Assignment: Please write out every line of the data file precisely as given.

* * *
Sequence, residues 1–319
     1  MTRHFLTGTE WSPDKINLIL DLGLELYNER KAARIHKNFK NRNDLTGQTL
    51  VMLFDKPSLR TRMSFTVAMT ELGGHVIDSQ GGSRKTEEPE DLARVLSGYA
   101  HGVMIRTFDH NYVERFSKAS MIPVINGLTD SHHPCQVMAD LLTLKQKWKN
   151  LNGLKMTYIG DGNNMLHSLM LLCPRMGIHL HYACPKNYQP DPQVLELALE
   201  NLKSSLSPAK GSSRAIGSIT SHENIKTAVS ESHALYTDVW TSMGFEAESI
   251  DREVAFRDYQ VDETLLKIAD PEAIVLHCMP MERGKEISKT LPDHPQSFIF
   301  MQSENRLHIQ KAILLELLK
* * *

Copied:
Sequence, residues 1–319
     1  MTRHFLTGTE WSPDKINLIL DLGLELYNER KAARIHKNFK NRNDLTGQTL
    51  VMLFDKPSLR TRMSFTVAMT ELGGHVIDSQ GGSRKTEEPE DLARVLSGYA
   101  HGVMIRTFDH NYVERFSKAS MIPVINGLTD SHHPCQVMAD LLTLKQKWKN
   151  LNGLKMTYIG DGNNMLHSLM LLCPRMGIHL HYACPKNYQP DPQVLELALE
   201  NLKSSLSPAK GSSRAIGSIT SHENIKTAVS ESHALYTDVW TSMGFEAESI
   251  DREVAFRDYQ VDETLLKIAD PEAIVLHCMP MERGKEISKT LPDHPQSFIF
   301  MQSENRLHIQ KAILLELLK